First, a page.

Gas chromatography is one where an inert gas is used as a mobile phase to separate components of a sample.
Based on the nature of the stationary phase, this chromatography is of two types like
- Gas-liquid chromatography (GLC) and
- Gas-solid chromatography (GSC).
Of them, GLC is widely used and so our entire discussion would be related to it.
Gas Chromatography & principle (principle of GC)
- The principle in gas chromatography involves the separation of volatile components of a sample between the mobile gaseous phase and stationary liquid phase.
- The solubility of a substance in between the gaseous mobile phase and stationary liquid phase is based on their partition coefficient.
- The components of the sample that are partitioned into the gas phase come out first while others come later.
The stationary phase is a liquid layer spread over a stationary phase.
While the mobile phase is an inert and stable gas.
Hence the name “Gas-Liquid chromatography (GLC).”
This type of chromatography was primarily designed to evaluate volatile compounds like fatty acids, essential oils, etc.
But with few modifications, it can be used on a wide variety of samples.
The system is quite expensive, cumbersome, and also has delicate instrumentation. Even the instrument’s maintenance and operating costs are very high.
How gas chromatography works:
- The gas is set to flow at a constant rate from the cylinder onto the liquid layer impregnated on a solid support in a column.
- The sample is injected into the injection point and is carried by the mobile gas into the column.
- Inside the column, the components get separated by the differential partition between the mobile phase gas and stationary phase liquid.
- The component that partitions into gas comes out of the column first and is detected by the detector.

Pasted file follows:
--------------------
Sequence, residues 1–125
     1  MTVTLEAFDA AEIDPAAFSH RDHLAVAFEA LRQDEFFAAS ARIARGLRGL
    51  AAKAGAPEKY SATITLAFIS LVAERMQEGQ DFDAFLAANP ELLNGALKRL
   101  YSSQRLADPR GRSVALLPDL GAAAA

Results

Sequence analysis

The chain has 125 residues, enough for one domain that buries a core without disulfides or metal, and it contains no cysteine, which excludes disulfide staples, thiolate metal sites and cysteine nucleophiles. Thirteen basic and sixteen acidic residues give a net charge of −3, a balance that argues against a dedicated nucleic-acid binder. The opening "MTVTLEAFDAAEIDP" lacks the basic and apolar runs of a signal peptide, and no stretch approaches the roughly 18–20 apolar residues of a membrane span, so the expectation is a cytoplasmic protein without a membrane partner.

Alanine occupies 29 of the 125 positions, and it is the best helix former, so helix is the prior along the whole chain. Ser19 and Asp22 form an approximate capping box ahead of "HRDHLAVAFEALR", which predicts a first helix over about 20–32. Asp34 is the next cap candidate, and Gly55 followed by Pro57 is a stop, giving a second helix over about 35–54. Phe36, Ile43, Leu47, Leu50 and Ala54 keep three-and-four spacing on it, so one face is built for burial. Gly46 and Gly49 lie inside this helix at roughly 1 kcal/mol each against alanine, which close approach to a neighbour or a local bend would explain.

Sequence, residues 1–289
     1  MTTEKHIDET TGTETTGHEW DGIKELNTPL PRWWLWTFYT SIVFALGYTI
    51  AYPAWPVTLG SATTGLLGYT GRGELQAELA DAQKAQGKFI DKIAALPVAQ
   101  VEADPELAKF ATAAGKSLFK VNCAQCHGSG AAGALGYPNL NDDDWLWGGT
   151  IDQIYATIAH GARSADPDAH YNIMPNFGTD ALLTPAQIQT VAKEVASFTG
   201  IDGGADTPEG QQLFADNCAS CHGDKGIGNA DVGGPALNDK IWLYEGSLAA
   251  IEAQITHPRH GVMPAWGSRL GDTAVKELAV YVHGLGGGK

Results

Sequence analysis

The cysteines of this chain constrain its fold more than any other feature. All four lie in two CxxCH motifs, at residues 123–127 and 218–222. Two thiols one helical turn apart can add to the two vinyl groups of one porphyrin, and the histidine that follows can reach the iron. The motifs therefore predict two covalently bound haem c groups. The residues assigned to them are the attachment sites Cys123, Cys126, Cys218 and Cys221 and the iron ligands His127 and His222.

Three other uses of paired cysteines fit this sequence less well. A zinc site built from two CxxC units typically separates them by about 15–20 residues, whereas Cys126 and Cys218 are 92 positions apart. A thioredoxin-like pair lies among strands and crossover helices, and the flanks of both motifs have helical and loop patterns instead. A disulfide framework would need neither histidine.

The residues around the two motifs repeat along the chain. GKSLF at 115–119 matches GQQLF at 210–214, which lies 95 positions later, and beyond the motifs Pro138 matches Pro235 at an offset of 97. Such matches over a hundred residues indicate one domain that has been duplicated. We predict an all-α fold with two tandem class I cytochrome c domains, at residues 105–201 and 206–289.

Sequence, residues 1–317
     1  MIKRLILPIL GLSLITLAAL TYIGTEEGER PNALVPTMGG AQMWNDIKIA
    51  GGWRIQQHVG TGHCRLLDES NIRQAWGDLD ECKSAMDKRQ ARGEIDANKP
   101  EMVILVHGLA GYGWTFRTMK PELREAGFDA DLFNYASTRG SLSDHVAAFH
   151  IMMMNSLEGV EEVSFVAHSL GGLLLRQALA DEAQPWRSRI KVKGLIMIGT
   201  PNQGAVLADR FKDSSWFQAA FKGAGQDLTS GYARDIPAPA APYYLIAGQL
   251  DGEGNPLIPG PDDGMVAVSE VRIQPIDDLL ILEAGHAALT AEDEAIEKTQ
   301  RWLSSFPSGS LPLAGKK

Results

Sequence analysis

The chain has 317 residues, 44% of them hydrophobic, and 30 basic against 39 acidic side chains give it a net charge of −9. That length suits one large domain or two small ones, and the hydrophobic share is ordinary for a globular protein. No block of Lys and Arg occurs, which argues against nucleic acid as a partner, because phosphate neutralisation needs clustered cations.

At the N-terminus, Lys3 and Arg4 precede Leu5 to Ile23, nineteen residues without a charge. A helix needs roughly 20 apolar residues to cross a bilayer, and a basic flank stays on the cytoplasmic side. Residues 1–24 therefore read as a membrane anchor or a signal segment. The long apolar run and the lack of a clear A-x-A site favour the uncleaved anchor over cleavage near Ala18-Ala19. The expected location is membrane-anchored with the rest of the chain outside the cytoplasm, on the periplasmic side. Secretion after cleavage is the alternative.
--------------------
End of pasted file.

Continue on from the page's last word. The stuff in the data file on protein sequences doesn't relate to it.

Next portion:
- The one partitioned into the liquid phase comes out later and is also detected. The recordings are displayed on computer software.
- From these peaks, one can identify the components and also their concentration.
Gas chromatography System
Gas chromatography instrumentation and requirements
The gas chromatography apparatus has the following
The mobile phase is a gas, as discussed before and it is held in compressed form in a metallic cylinder.
The mobile phase gas in a cylinder
The gas used as a mobile phase should be inert and non-reactive in nature.
Monoatomic element gases like helium or other non-reactive gases like nitrogen & hydrogen.
The most commonly used gas is helium.
The carrier gas is kept in a metallic cylinder and outflow is controlled by a regulator.
The flow regulator
It lets the gas from the cylinder pass at a fixed rate. Any alteration in the rate of gas flow leads to improper measurement and analysis.
The gas is passed at a fixed rate through a pressure gauge from the gas carrier cylinder.
This gauge indicates the speed of the flow of gas into the column.
The injection system
This is present before the column yet inside the thermal chamber to load the sample under analysis into the system.
The column for gas chromatography.
The gas chromatography column is usually long (a few meters like 3 to 6 meters) and coiled for accommodation in a small thermal chamber. The column is mostly made of steel or glass.
The GC columns are of three types, viz.
i) Packed column.
This is a column into which solid beads are packed. This column has advantages like efficient separation and precise readings.
ii) Tubular column.
Here is a stainless steel hollow tube; a thin layer of liquid is coated onto the inner wall of the tube to act as a stationary phase.